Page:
Celebrating 50 years of trading is a significant landmark for any business, but when that business has been through the trials and tribulations to befall the Selati Group, that achievement is even further embellished.
The family-run company started out in life as a small hardware store in Limpopo Province but has grown and evolved into a saw mill and manufacturer and installer of roof trusses, with a roof truss factory and branches in Tzaneen, Pretoria, Lydenburg and Magoebaskloof, where De Hoek Sawmill is situated.
Pieter Kotzé is one of the directors and has been with the business for the past 7 years and takes up the story:
“The Selati Group began as a small hardware store in 1963 and by the late Seventies or early Eighties it began to manufacture roof trusses. Eventually the hardware store was closed and the business concentrated on its roof truss interests.”
“In December 2000 we purchased the Mondi De Hoek Saw mill in Magoebaskloof, located roughly 23 kilometres from Tzaneen. This was a strategic move to compliment the roof truss factory and to ensure that there is a consistent supply of high quality SABS graded structural timber.”
“However, disaster struck and we suffered a big fire in 2007 and the entire wet mill area of the saw mill was destroyed. It took us 7 months to rebuild and in the interim we had to rely on fixed contracts with another saw mill to ensure that we could deliver for our customers. We kept going though and during that 7 month period we did not lose any staff.”
Such adversity often brings a fresh focus to a business and Selati Group had to rebuild the saw mill and purchase new equipment. Then, just as the business was getting back on its feet, the economic downturn struck another blow.
“We used our own resources to rebuild and replace everything and then in 2008 the economy came to a standstill and during the next 2-3 years we had to overcome economic challenges by cutting down on our costs.”
“During that time we started to export to Botswana. It was the recession that really made us start to explore opportunities further afield.”
Today Selati Group has turned the corner and typically employs around 300 people.
“We put the roofs up ourselves and for the design stage we have to rely on skilled workers as there are a number of industry standards and regulations that we have to comply with. In addition, the workers have to be trained to use machinery and 3 years ago we bought a new line of machines from a Brazilian company by which we increased our recovery rate by about 8%.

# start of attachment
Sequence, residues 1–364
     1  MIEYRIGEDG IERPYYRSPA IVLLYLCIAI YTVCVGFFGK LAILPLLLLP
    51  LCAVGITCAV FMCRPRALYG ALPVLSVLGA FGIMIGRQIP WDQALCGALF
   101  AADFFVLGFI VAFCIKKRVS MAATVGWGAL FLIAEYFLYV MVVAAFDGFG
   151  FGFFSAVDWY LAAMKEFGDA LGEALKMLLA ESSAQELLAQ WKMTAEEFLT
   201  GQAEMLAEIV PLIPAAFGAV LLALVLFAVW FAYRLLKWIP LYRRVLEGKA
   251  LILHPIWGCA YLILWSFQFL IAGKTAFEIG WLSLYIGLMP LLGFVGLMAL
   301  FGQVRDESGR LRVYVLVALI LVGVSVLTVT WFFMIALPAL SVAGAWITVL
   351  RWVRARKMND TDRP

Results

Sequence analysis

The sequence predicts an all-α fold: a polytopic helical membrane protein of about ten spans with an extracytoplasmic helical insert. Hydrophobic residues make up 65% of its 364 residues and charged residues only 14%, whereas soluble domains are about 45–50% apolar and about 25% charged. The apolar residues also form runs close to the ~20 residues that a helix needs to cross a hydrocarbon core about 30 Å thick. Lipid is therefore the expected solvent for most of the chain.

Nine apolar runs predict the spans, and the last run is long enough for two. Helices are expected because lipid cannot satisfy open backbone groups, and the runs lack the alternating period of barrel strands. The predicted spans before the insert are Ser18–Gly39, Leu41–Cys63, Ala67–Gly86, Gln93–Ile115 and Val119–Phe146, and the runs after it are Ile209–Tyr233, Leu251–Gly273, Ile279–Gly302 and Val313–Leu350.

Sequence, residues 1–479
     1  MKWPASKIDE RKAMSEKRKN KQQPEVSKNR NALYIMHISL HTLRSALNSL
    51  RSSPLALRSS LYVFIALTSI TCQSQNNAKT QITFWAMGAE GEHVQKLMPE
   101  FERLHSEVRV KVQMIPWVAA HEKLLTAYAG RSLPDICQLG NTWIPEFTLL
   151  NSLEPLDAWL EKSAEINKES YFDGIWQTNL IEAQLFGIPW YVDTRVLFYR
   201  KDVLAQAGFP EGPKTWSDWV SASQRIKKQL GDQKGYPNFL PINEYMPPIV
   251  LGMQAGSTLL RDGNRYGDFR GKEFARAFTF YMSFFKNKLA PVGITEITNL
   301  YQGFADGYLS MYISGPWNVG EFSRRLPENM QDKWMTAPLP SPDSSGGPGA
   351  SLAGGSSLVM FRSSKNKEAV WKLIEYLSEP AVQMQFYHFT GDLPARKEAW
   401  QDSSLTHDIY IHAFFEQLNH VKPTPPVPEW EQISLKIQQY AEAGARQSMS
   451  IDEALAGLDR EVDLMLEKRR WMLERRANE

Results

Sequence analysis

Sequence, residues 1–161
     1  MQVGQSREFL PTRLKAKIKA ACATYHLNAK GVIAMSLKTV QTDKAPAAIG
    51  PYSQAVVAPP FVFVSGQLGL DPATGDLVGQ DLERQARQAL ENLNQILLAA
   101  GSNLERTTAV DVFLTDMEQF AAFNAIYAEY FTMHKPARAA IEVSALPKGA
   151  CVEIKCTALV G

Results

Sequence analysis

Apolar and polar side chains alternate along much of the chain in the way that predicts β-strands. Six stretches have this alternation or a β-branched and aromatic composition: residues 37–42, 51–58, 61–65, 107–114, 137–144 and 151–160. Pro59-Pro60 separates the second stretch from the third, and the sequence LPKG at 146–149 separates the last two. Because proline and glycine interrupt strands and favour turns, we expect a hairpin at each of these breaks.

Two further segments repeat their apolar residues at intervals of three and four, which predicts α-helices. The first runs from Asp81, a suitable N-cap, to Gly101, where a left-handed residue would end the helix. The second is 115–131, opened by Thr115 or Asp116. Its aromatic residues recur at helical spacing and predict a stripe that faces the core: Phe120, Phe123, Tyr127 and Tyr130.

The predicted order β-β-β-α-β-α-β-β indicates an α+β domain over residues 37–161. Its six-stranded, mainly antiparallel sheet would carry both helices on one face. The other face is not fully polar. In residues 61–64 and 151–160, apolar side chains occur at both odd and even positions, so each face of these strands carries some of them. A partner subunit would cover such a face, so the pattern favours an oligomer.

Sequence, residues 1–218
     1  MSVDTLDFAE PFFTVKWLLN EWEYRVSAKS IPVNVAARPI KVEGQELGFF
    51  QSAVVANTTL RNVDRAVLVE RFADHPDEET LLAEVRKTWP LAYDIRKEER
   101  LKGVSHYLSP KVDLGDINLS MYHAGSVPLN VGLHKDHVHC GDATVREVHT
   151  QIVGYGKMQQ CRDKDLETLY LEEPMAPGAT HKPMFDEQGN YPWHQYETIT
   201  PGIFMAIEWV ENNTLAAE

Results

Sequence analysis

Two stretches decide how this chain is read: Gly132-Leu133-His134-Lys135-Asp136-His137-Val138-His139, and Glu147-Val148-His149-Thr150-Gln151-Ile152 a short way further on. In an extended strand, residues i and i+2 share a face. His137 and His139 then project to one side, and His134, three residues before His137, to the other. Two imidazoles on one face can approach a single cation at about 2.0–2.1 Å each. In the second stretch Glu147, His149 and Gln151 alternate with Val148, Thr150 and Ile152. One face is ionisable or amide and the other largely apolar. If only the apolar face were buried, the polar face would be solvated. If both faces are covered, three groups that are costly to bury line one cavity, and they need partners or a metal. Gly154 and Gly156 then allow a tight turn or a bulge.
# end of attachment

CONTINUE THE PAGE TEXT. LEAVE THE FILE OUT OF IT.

“This particular machinery users laser technology to look at the optimal cuts on each piece of timber. We purchased these machines to give us a better recovery rate than before – that kept us from closing down as the labour costs over the same period of time increased so much.”
Kotzé says that labour costs and unrest continue to be a threat to businesses the length and breadth of the country and have sharpened the need to consider more automation at Selati Group’s sites:
“We accept that we are going to have to work more with automation – the labour rights issues can severely impact on production and I feel that labour unrest in the country is getting out of hand. It requires a large capital investment to automate the whole saw mill but that is something we need to seriously look at in the near future.”
Another challenge that the company has faced has been transformation – which is never a straight-forward process for a family-owned business.
“At the moment we are operating as a Level 8 BB-BEE compliant company. The BEE codes keep changing and it becomes expensive to maintain compliance and eventually a lot of companies are concluding that it is not worth it!”
Despite these challenges, Kotzé says that the business is enjoying growth at present, with 30 per cent of the saw mill production used at their own roof truss factory and the rest sold to other roof truss factories, hardware stores and informal builders.
The roof truss business is predominately focussed on supplying property developers and private individuals that build houses.
Timber is purchased from the log yards and Kotzé says that generally if there are any problems with the wood it can be identified at this early stage.
“Once in the process it takes 2 days to go through the drying process once the wood has been sawn and any timber coming out of the saw mill has to have a unique stamp with our logo on it, which indicates the grade of timber.”
As we speak, Kotzé says that Selati Group is now in its busy period, which typically runs from August to the end of November, as people rush to get jobs completed before year end. The company then shuts down from mid-December until early January – but before then there is a very special function this year:
“We have a big function planned for our employees, to celebrate the 50th anniversary of Selati Group. At the end of November we will be taking staff to a holiday resort for the weekend and the activities will include a formal dinner on the Saturday evening. Our workers have been with us through the bad times and the good times so this is recognition of their loyalty and hard work.
The future is hopefully going to be much smoother for Selati Group which has demonstrated an ability to handle just about anything thrown at it.
“We have recently received an order for a project in the Orange Free State and in time I hope that we will increase our footprint across the country. There is less risk in opening a marketing office than a factory elsewhere, that you can’t oversee every day, so we will tread with cautious optimism. We just want to do what we do best for the customer – just as we have done for the last 50 years,” Kotzé